Marjorie Cokley, Plaintiff-appellant, v. United States Army, Defendant-appellee, 967 F.2d 585 (9th Cir. 1992)Annotate this Case
Before POOLE, BEEZER and KOZINSKI, Circuit Judges.
Marjorie Cokley appeals pro se the district court's summary judgment in favor of the United States in her federal tort action against the United States Army. We have jurisdiction pursuant to 28 U.S.C. § 1291. We review de novo, Kruso v. International Tel. & Tel. Corp., 872 F.2d 1416, 1421 (9th Cir. 1989), cert. denied, 110 S. Ct. 3217 (1990), and affirm.
Cokley suffered injuries resulting from complications following surgery performed at the Fort Jackson Army Hospital in August 1979. In December 1988, Cokley completed a claim for these injuries and filed the claim with the federal government. In June 1990, she filed a pro se complaint against the United States Army for these injuries. The district court granted summary judgment for the United States, finding Cokley's action barred by the statute of limitations governing tort claims against the United States. See 28 U.S.C. § 2401(b).1 On appeal, Cokley contends her action was timely because she was not informed until 1987 that the Army medical staff had been negligent.
The Federal Torts Claims Act, 28 U.S.C. §§ 2671 et seq. (the "FTCA"), authorizes suits against the United States for money damages for personal injury resulting from the negligent or wrongful acts or omissions of United States employees acting within the scope of employment. The FTCA is a limited waiver of sovereign immunity. See 28 U.S.C. §§ 2401, 2674. To bring an action under the FTCA, a claimant must first file a written claim for money damages with the federal agency employing the negligent employee. 28 U.S.C. § 2675. Furthermore, a tort claim against the United States is "forever barred unless it is presented in writing to the appropriate Federal agency within two years after such claim accrues." 28 U.S.C. § 2401(b).
In an action for medical malpractice under the FTCA, "a claim accrues when the plaintiff discovers, or in the exercise of reasonable diligence should have discovered, the injury and its cause." Landreth ex rel. Or. v. United States, 850 F.2d 532, 533 (9th Cir. 1988), cert. denied, 488 U.S. 1042 (1989). The plaintiff need not be aware that "an actionable claim exists as long as she is aware of the injury and its probable cause." Id. (citing United States v. Kubrick, 444 U.S. 111, 123-24 (1979)). When an injury is obvious, the statute of limitations begins to run immediately upon discovery of the cause. Augustine v. United States, 704 F.2d 1074, 1078 (9th Cir. 1983).
This court views the evidence in the light most favorable to Cokley and determines whether the district court applied the relevant substantive law. Ashton v. Cory, 780 F.2d 816, 818 (9th Cir. 1986). The date Cokley discovered the existence and cause of her injuries is a question of fact, which is reviewed under the clearly erroneous standard. Landreth, 850 F.2d at 534. "The date [Cokley] should have discovered the existence and cause of [her] injuries in the exercise of reasonable diligence is a mixed question of fact and law and is also reviewed under the clearly erroneous standard." Id.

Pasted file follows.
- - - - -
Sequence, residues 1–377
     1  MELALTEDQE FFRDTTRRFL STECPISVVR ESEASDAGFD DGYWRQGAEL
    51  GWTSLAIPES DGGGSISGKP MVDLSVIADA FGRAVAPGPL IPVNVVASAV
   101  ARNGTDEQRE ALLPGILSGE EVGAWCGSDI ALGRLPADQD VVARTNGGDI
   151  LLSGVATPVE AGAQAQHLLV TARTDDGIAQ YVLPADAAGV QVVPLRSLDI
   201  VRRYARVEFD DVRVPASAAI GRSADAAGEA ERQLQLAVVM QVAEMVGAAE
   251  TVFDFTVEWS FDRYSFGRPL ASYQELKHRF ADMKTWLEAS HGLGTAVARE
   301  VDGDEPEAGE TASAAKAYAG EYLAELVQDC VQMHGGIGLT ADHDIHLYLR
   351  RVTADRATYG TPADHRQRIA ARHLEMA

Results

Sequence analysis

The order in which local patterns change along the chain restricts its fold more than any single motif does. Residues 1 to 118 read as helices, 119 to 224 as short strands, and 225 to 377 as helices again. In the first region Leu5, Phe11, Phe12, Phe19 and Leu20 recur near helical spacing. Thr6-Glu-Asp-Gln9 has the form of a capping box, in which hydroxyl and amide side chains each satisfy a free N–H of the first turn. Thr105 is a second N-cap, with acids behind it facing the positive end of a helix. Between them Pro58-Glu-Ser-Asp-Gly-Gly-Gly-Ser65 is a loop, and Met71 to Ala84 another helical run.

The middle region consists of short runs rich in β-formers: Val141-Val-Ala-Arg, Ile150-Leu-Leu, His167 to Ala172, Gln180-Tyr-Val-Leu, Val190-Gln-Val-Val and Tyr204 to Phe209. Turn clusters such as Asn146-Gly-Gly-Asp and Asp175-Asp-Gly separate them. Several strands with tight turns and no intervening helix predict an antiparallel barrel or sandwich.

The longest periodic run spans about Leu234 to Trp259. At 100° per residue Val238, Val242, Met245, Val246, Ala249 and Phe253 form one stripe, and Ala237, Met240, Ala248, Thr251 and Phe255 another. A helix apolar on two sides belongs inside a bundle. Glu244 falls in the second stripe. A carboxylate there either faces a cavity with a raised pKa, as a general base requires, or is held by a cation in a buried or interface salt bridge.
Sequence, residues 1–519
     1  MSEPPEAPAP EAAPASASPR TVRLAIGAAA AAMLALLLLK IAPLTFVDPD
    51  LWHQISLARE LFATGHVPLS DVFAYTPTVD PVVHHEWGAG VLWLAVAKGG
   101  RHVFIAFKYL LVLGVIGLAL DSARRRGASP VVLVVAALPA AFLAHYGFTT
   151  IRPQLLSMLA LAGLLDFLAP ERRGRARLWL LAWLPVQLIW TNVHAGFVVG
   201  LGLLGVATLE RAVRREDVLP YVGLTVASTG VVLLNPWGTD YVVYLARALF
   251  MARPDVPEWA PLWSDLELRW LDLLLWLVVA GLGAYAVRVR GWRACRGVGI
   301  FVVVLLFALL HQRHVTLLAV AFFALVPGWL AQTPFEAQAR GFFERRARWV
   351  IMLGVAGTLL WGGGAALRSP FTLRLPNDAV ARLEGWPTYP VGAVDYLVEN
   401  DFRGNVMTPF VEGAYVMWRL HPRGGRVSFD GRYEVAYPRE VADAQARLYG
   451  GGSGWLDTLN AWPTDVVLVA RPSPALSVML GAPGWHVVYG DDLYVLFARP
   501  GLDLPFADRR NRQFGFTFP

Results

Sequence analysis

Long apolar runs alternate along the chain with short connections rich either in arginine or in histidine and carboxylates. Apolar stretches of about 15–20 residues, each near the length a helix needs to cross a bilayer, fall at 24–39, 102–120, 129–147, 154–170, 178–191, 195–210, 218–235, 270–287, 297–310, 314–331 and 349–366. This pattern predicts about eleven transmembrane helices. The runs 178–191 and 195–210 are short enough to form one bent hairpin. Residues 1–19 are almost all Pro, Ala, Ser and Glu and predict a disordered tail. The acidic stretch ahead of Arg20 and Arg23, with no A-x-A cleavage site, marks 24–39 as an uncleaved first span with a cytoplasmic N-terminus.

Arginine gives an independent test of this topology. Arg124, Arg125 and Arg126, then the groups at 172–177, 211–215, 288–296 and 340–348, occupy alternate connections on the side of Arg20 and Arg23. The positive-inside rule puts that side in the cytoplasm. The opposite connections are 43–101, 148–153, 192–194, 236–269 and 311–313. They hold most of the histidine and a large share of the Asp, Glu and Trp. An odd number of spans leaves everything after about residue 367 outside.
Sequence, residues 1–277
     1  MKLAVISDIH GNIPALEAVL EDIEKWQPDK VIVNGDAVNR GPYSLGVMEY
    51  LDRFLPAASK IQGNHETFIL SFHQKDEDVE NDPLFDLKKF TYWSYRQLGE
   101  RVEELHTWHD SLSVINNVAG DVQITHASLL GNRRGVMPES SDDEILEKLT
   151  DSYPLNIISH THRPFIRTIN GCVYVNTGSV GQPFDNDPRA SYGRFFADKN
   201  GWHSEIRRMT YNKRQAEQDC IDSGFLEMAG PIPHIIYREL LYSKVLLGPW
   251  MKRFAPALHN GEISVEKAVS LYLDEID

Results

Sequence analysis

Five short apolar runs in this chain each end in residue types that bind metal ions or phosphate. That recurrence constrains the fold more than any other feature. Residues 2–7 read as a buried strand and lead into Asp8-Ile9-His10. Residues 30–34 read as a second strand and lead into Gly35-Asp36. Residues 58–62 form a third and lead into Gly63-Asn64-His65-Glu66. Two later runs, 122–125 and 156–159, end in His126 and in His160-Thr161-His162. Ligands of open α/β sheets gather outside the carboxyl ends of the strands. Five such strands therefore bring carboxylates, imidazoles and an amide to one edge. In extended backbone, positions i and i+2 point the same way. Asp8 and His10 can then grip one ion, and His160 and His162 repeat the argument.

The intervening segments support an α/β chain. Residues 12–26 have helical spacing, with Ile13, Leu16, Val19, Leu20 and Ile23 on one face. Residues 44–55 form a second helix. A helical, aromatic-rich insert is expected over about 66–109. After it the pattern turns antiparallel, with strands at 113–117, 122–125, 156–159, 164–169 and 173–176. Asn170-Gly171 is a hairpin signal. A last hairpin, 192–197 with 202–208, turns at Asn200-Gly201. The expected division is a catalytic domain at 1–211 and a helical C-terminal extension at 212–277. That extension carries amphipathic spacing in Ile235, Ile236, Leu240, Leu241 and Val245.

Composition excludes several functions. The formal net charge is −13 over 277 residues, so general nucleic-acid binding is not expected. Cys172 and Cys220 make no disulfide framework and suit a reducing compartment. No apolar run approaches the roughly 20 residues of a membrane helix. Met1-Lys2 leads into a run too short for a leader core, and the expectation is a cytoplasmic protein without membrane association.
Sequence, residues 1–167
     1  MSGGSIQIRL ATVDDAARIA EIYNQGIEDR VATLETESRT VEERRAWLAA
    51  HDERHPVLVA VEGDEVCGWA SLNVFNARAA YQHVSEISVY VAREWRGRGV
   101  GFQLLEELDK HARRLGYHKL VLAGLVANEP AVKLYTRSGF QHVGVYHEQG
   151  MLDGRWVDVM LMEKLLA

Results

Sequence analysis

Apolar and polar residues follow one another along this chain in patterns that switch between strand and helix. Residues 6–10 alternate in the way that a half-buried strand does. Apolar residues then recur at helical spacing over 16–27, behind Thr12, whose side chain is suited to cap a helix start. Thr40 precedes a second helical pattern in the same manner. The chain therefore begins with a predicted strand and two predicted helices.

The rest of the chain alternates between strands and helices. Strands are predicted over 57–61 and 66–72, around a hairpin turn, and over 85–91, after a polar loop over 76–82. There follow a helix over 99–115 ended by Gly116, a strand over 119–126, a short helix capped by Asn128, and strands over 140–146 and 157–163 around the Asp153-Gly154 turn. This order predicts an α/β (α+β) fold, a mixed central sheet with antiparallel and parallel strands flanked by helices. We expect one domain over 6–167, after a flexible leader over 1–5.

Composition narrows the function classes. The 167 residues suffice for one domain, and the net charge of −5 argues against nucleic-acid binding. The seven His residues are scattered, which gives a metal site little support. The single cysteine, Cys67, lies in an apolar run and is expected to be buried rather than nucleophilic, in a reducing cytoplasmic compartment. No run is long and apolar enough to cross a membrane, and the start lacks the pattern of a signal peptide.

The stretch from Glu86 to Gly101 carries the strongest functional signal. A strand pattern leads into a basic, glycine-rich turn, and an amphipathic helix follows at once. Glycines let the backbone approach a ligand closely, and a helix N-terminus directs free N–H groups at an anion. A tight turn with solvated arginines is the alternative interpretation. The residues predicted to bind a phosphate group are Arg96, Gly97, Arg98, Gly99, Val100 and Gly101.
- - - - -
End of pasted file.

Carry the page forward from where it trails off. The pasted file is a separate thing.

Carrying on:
Here, Fort Jackson Army Hospital medical staff performed surgery to remove a cyst from Cokley's left ear in August 1979. Although before the operation the cyst "did not present much of a problem" to Cokley, within a day after the operation, Cokley began to have problems with her ear in the area where the operation had been performed. Within two days after the operation, Cokley's left ear had swollen closed. Because of complications from the surgery, Cokley returned to Fort Jackson Army Hospital several times during August and September 1979. Based on these facts, the district court correctly found that Cokley was aware of the injury and its cause more than two years before she filed her December 1988 claim. See 28 U.S.C. § 2401(b); Landreth, 850 F.2d at 534.
Cokley's complaint alleges that Lt. Colonel Harold W. Kent did not inform her until November 1987 that the Fort Jackson Army Hospital medical staff was negligent in performing minor surgery rather than major surgery on her ear in 1979. Nevertheless, Kent's information did not affect the accrual of Cokley's action, whose two-year statute of limitations had begun to run by September 1979. See Kubrick, 444 U.S. at 123-24 (claim accrues when the injury manifests itself, not when the plaintiff becomes aware the injury was negligently inflicted); Raddatz v. United States, 750 F.2d 791, 795-96 (9th Cir. 1984). Therefore, the district court properly granted summary judgment on the ground that Cokley's action was time-barred. See Kubrick, 444 U.S. at 123-25; Raddatz, 750 F.2d at 796.
The panel unanimously finds this case suitable for decision without oral argument. Fed. R. App. P. 34(a); 9th Cir.R. 34-4. Accordingly, we deny Cokley's request for oral argument
This disposition is not appropriate for publication and may not be cited to or by the courts of this circuit except as provided by 9th Cir.R. 36-3
The district court also granted summary judgment pursuant to Arizona District Court Local Rule 11(i). Rule 11(i) states that "if the opposing party does not serve and file the required answering memorandum, ... such non-compliance may be deemed a consent to the ... granting of the motion and the Court may dispose of the motion summarily." Cokley failed to reply to the motion for summary judgment. Thus, the district court properly granted summary judgment. See Jacobsen v. Filler, 790 F.2d 1362, 1366-67 (9th Cir. 1986) (district court properly granted summary judgment pursuant to Arizona Local Rule 11(h) [now Rule 11(i) ] where pro se plaintiff failed to reply to summary judgment motion)